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Monthly Archives: March 2008

No, not the kind you eat, the kind you plug things into.

Well, we’ve been doing this one with our upstairs computers for a while but for some reason I’ve had a mental block about doing the shut down (or hibernate) and turn off all power bars with the downstairs computer. But last night I asked my mom for some challenge suggestions and that was one of them so I started last night!

You’ve got to love the changes that will actually save you a few bucks as well…

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downward dog with little onesI’ve been doing yoga since my first pregnancy in 2004 (great recommendation from a friend) but in the past year have been going more regularly (weekly). For one reason or another for the past 3 weeks the classes were cancelled or I had to miss them, so I have been doing a little yoga at home (which I clearly should really have been doing all along). This has sparked the interest of my 3 year old son. (The photo on the right shows what happens every time I do a downward dog with my boys around, but it makes me laugh so I keep it up. I’m basically a human tent.) I told him I’d get him a mat and we could do it together.

So, I had a quick look online for yoga mats and, of course, there are issues with regular yoga mats. They’re mostly made from PVC, rubber, or latex and can contain phthalates, (and, apparently, heavy metals?). Rubber and latex are an issue because they produce toxic effluents in the processing. (effluent defined in wikipedia). PVC… well, we’ve talked about it before. There are a few different options, but as I was up by the Big Carrot the other day I went for their offering, the Eco Mat from Relaxus, made from TPE (thermo plastic elastomer) foam, which is apparently toxic free in its production, PVC and phthalate free and decomposes under landfill conditions.

Another quick note about The Big Carrot (conveniently located around the corner from Grassroots where I get bulk cleaning vinegar, baking soda and liquid hand soap): they now sell bulk fair trade organic (Cocoa Camino) chocolate chips and bittersweet chocolate! Woo hoo! It’s cheaper than buying fair trade organic chips in 228 gram bags and chocolate in 100 gram bars and there’s so much less waste! Next time I’ll bring my own containers or bags and be waste-free. Sorry to be so exclamation-mark-happy, but I’ve been looking (Noah’s, Whole Foods, etc.) for a long time and it’s great to finally find exactly what I’m looking for.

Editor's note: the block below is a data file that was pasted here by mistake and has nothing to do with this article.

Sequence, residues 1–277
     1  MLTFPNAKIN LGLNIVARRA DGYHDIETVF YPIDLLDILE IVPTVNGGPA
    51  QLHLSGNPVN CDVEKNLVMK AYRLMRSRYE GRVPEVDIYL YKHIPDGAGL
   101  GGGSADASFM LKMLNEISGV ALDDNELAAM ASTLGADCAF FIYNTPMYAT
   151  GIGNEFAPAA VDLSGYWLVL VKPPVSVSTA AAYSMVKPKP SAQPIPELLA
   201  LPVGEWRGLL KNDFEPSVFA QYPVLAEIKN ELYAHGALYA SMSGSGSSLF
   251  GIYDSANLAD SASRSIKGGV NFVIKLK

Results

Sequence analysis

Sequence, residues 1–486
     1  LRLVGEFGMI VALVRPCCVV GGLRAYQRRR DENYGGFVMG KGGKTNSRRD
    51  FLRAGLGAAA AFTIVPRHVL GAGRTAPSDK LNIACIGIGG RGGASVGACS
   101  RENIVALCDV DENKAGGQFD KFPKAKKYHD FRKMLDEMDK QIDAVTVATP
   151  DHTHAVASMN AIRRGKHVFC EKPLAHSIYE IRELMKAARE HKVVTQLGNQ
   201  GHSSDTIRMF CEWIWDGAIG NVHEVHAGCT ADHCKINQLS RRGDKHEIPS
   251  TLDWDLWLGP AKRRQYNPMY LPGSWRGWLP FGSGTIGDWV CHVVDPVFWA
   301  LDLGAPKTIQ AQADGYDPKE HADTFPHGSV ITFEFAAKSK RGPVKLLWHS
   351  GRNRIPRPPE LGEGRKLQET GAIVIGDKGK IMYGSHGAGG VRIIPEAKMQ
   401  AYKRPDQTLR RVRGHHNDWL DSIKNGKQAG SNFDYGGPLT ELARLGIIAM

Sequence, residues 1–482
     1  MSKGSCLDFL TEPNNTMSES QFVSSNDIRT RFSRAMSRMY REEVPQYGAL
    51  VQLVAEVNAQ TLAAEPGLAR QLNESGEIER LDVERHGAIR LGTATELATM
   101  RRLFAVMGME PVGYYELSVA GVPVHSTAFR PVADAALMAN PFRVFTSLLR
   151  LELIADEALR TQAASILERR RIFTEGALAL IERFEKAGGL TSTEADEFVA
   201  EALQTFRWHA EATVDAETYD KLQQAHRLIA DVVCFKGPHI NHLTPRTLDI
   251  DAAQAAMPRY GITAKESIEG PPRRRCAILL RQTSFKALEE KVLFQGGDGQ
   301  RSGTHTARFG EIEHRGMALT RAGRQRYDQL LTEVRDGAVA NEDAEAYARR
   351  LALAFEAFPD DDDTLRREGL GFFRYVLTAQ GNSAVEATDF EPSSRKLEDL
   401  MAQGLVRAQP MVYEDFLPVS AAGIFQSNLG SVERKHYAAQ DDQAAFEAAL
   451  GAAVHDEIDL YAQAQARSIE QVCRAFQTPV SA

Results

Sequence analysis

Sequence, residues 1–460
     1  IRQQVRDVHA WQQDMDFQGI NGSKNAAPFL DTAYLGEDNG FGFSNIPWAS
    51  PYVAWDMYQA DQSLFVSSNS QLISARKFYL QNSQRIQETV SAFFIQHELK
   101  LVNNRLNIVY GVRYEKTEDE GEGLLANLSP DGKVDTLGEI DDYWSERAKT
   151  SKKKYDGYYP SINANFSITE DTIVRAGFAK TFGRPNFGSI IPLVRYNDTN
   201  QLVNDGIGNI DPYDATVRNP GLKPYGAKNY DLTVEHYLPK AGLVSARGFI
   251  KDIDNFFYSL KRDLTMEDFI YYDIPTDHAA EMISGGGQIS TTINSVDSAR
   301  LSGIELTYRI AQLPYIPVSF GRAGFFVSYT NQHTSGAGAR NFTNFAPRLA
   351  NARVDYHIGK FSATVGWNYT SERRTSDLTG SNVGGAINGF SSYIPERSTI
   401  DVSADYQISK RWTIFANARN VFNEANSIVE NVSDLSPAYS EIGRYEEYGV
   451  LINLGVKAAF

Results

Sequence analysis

In other news, we did our token part in Earth Hour this evening – extending it to two hours.

First of all, I know a couple of people are curious to hear about the beef…

We picked it up just over a week ago. It was a quick and easy pick up near Bloor and Bathurst but the fact that you are buying from a farmer, who is so thankful for your business (“Thanks so much for buying from us – we really appreciate it!”), is really gratifying. My parents were farmers for many years, and our favourite business was directly with the customer (we had pick-your-own apples on weekends), rather than the retailers and wholesalers. The beef itself is delicious and you can really taste a difference. It’s richer than store-bought, much more flavourful. We’ve had burgers (best burgers I’ve had in quite some time – I had two!) and last night we had a rib steak which was delicious (as I’ve said before, we don’t eat a lot of meat). As for the beef, we bought 25 lbs which was broken down into: 5 lbs of ground beef, 2 lbs of stew beef, 2 t-bones, 3 rib steaks, a large round steak, a large sirloin, 2 shank slices, a prime rib roast and a cross rib roast. It was actually just over 25 lbs. On the box label they tell you the name and info of the farm the beef was produced on, which is great! I highly recommend Beef Connections.

Secondly, although we really like Front Door Organics, we’ve signed up for a CSA (community supported agriculture) this summer. Again, I really like the idea of cutting out the middleman and supporting the farmer directly. Community supported agriculture is basically about consumers signing up and paying the farmer a lump sum (paid in installments or whatever) so that the farmer has a budget from which to work with (buy seeds, etc.) for the year. The consumer then receives produce from the farmer for a set number of weeks during the harvest season. There is risk involved because you’re basically investing in the farmer. Whatever they produce, they divvy up between their shareholders. I’ve been looking for CSAs that deliver to Toronto and only managed to find two this year. We are going with PlanB Organics, and I’m looking forward to the growing season! I’ll miss the farmers markets, but the one in walking distance isn’t organic anyway. In the late fall we’ll likely sign up with one of the organic food delivery services again.